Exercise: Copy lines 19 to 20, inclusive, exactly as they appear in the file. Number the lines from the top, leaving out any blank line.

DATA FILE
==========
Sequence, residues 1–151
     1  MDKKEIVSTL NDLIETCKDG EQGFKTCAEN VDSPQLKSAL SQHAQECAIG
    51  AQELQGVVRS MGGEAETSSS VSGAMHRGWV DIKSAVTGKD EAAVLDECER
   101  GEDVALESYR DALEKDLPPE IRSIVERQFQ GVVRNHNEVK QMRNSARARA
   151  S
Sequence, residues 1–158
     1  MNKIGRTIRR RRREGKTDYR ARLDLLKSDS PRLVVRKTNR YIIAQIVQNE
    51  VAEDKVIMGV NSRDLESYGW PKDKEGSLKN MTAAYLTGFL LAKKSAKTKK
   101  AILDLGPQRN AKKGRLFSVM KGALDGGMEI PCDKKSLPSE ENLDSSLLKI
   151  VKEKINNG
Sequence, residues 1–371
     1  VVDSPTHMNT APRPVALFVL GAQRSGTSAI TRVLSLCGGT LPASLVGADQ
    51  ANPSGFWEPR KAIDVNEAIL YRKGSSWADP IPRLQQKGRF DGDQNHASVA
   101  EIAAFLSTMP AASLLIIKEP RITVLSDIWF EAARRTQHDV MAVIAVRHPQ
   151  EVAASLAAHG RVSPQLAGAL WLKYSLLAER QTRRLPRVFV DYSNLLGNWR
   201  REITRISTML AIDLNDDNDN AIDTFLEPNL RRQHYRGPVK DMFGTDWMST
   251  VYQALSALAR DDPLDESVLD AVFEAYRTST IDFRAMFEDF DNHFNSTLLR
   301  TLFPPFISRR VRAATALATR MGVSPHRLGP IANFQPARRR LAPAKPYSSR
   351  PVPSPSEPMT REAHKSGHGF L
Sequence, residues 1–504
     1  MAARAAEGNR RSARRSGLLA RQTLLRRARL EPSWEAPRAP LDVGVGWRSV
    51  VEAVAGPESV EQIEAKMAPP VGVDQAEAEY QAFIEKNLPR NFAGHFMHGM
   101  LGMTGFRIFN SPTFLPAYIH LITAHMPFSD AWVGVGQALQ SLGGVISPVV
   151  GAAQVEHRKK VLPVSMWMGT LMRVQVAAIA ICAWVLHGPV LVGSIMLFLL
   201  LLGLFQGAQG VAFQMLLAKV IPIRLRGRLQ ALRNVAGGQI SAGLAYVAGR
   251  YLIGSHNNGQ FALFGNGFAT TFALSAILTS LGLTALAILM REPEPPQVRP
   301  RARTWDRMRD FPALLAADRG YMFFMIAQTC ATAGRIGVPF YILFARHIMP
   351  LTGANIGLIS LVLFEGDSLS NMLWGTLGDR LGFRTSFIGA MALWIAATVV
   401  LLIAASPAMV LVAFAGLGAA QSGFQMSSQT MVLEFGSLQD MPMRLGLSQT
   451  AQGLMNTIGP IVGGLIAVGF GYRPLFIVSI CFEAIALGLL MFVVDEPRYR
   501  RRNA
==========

   351  PVPSPSEPMT REAHKSGHGF L
Sequence, residues 1–504